Sores appear where the infection entered your body. You can spread the infection by touching a sore and then rubbing or scratching another area of your body, including your eyes.

Men and women can develop sores on the:

  • Buttocks and thighs
  • Anus
  • Mouth
  • Urethra (the tube that allows urine to drain from the bladder to the outside)

Women can also develop sores in or on the:

  • Vagina area
  • External genitals
  • Cervix

Men can also develop sores in or on the:

  • Penis
  • Scrotum


The signs and symptoms may recur intermittently for years. Because of viral latency, the infection persists indefinitely and any decrease in immune function as well as stress, trauma, ultraviolet radiation and hormonal imbalance can trigger reactivation of the virus and recurrence of sores. During a recurrence, shortly before sores appear, you may feel:

  • Burning, tingling and itching where the infection first entered your body
  • Pain in your lower back, buttocks and legs

However, recurrences are generally less painful than the original outbreak, and sores generally heal more quickly.


Two types of herpes simplex virus cause genital herpes: HSV-1 and HSV-2

  • HSV-1 most often causes infections of the mouth and lips, called cold sores or “fever blisters.” Symptoms are often milder than genital herpes, and recurrences are much less frequent than they are with HSV-2 infection. It can spread to the genital area during oral sex and cause genital herpes.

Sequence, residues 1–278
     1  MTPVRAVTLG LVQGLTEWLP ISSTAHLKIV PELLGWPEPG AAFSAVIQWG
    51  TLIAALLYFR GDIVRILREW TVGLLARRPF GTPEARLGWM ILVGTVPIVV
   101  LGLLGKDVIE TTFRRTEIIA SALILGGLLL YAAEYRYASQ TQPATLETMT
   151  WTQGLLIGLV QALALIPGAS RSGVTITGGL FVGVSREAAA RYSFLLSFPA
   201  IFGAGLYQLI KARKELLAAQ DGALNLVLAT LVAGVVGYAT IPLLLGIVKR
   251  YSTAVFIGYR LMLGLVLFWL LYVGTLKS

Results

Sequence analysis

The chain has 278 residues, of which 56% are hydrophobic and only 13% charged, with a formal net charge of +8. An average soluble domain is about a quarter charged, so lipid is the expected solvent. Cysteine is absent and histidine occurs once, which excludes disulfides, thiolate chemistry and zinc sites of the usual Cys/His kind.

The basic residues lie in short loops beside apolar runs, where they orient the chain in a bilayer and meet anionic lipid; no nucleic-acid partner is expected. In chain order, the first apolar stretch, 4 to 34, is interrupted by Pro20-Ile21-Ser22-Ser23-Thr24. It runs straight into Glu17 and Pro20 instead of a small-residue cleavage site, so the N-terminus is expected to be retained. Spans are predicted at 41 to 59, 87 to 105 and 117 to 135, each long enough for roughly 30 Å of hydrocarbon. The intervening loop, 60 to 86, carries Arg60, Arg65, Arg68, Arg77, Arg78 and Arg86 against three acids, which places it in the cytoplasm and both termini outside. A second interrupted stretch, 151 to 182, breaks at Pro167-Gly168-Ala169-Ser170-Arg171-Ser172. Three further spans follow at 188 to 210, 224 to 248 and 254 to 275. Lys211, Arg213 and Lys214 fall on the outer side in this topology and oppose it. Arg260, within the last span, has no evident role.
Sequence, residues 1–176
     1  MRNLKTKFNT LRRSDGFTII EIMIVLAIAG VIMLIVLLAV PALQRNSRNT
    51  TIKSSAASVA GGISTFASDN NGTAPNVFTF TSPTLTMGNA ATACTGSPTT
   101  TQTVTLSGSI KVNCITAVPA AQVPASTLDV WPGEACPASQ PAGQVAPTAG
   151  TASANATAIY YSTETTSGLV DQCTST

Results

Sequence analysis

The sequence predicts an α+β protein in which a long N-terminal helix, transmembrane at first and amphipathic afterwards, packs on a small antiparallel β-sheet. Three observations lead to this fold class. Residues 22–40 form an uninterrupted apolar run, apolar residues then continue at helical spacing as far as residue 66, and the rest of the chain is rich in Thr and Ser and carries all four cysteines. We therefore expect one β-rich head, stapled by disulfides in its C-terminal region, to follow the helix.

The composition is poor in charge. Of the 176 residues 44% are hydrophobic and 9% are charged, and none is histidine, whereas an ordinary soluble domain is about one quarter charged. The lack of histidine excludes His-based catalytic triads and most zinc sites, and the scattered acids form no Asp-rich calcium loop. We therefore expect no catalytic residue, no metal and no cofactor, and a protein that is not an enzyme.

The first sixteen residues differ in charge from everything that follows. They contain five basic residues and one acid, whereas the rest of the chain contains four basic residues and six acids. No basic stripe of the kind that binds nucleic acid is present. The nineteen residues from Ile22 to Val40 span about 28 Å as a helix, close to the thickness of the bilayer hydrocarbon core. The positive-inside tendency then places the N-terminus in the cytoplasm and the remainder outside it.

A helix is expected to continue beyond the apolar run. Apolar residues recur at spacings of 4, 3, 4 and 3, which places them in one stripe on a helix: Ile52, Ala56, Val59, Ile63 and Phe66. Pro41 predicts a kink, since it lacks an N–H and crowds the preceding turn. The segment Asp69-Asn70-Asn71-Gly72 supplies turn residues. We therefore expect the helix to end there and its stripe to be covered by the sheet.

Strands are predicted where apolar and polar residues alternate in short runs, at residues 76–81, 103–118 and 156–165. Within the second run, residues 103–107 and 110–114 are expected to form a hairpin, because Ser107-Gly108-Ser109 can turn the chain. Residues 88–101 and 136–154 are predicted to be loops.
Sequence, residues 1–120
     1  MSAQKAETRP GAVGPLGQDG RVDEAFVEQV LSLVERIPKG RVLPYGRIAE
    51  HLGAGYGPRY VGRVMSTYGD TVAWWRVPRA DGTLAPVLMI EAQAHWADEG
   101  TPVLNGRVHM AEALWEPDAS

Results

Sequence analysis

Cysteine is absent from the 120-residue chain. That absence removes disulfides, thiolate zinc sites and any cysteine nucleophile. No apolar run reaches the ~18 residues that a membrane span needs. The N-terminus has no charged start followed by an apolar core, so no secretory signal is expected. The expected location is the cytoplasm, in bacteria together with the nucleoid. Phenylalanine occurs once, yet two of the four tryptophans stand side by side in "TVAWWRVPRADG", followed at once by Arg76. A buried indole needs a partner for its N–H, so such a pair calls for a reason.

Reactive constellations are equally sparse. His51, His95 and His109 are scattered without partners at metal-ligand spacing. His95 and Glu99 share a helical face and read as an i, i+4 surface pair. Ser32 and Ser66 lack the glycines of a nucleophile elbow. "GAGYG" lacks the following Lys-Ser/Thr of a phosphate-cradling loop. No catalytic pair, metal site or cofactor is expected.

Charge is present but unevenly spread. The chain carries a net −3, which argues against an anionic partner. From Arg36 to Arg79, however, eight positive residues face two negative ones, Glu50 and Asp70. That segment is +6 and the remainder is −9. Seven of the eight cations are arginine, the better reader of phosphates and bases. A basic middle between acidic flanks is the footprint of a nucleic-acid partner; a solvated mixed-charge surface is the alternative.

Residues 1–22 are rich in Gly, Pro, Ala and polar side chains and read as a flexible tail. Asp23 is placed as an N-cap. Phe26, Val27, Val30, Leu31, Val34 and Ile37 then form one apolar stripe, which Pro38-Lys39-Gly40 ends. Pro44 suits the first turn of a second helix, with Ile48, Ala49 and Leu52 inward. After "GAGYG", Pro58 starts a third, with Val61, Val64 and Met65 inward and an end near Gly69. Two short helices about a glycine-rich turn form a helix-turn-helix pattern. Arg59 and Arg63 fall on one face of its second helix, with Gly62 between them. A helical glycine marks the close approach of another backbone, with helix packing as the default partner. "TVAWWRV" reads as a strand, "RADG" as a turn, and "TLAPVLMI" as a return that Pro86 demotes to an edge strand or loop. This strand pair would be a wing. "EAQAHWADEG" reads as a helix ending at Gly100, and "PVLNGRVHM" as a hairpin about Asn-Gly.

• HSV-2 is the most common cause of genital herpes. It is spread through vaginal, oral, or anal sex. HSV-2 can spread to the mouth during oral sex. HSV-2 is highly contagious, whether or not you have symptoms.

In rare circumstances, HSV-2 infection can be transmitted from a mother to her infant during delivery to cause neonatal herpes.


A risk factor is something that increases your chances of getting a health problem.

Genital herpes is more common in women than in men. The risk is highest among teens and young adults who are more likely to take risks with sex.